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Updated on 15 Sept. 2016


Section 10:   Informal consultations of the whole


Permanent Representative breakfasts at the outset of each Council Presidency


At the outset of New Zealand’s first Council Presidency during its 2015-2016 term, the country hosted a breakfast for all the permanent representatives (PRs) of the Council on 1 July 2015.  The opportunity provided by this breakfast for an informal dialogue among the permanent representatives was considered so useful that every succeeding Council President has followed suit.


At first, the PR breakfasts were held in addition to the daylong bilateral consultations which each incoming Council President traditionally held on the first working day of their Presidency.  Although the PR breakfasts were not limited to considering each proposed programme of work (POW), after a few months it was felt that discussion of the draft POW at the breakfasts was sufficient, such that the day’s bilateral consultations could be dispensed with. 


Thus, beginning in November 2015, all Council Presidencies have scheduled the meeting at which the political coordinators give final review to the draft calendar for the same morning as the PR breakfast.  (Previously, this coordinators’ meeting had been held at the end of the full day of bilateral consultations.)  This new compression of the Council’s final review of the draft POW into a single morning has made it possible to schedule the adoption of the POW for the afternoon of the same day, whereas previously the adoption took place the morning of the second working day of an incoming Presidency. 


Since the PR breakfasts were inaugurated, bilateral consultations with an incoming Presidency can still be held on the first working day upon request, but this is now rare.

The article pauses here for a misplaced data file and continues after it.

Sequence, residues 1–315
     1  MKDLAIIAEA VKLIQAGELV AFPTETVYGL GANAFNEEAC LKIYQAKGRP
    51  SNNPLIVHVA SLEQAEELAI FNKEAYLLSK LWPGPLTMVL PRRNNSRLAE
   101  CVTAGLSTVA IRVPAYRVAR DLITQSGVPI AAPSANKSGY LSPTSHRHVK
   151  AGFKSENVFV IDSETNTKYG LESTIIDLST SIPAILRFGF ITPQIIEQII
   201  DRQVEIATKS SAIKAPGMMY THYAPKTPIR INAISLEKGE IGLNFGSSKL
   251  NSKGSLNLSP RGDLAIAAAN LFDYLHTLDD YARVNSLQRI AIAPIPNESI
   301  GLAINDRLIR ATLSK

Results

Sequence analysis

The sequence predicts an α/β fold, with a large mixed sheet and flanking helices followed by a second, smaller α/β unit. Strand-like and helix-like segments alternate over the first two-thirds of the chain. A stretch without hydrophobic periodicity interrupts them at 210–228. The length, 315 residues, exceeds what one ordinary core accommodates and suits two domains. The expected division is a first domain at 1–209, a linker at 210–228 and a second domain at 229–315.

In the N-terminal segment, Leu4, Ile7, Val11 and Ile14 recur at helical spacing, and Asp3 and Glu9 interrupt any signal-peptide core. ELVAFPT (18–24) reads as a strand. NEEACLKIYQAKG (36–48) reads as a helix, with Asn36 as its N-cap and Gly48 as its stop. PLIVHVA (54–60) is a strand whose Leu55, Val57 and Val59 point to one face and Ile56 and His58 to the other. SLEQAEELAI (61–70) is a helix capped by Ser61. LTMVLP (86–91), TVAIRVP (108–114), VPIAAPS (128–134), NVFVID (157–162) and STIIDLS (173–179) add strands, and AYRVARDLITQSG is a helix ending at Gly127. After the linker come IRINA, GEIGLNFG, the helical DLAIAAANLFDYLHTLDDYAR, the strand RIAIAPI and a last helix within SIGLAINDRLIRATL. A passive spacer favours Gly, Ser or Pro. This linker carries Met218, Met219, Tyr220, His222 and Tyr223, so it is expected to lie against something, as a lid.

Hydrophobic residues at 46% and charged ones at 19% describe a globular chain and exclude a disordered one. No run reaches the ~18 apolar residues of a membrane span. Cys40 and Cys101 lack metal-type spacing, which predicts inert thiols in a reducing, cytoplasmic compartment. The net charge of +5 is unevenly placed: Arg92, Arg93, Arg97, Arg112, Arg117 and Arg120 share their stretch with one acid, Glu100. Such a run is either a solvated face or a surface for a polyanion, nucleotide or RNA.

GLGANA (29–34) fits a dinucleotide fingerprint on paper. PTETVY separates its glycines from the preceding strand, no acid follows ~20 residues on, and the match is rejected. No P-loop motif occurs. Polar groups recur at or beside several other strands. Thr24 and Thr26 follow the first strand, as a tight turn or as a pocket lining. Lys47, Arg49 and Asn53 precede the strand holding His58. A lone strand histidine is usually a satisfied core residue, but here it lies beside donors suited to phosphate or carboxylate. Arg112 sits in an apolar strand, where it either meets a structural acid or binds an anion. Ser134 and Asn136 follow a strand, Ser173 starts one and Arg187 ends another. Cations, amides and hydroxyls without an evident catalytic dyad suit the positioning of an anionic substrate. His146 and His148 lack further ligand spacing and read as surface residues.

At a time when the Council’s programme is heavily scheduled, the shortened timeframe for adopting the POW has made valuable extra time available to the Council.  In particular, the PR breakfast has made it easier to find time to conduct substantive business on the first day of a new Presidency, as necessary.  For example, the Council was able to adopt its POW the afternoon of 1 April 2016, and later that same afternoon, to adopt resolution 2279 (2016) on enhancing the UN presence in Burundi.


One other benefit of discussing the draft POW at the PR breakfast is that if a permanent representative calls into question some aspect of the POW at that time, all 15 permanent representatives are present to reach a solution.  Under the previous system of bilateral consultations, such issues would go to the political coordinators to resolve at the end of the day, and this could be cumbersome and time-consuming, especially if instructions from permanent representatives were needed.  During some months, problems with the POW still remain to be ironed out during the political coordinators’ meeting, but this occurs less frequently.


Overall, the substitution of the PR breakfast for the former daylong bilateral consultations as preparation for adopting each month’s POW is an example of a small change in working methods which has made a modest, but appreciated contribution to improving the Council’s efficiency.


(This update supplements page 69 of the book.)



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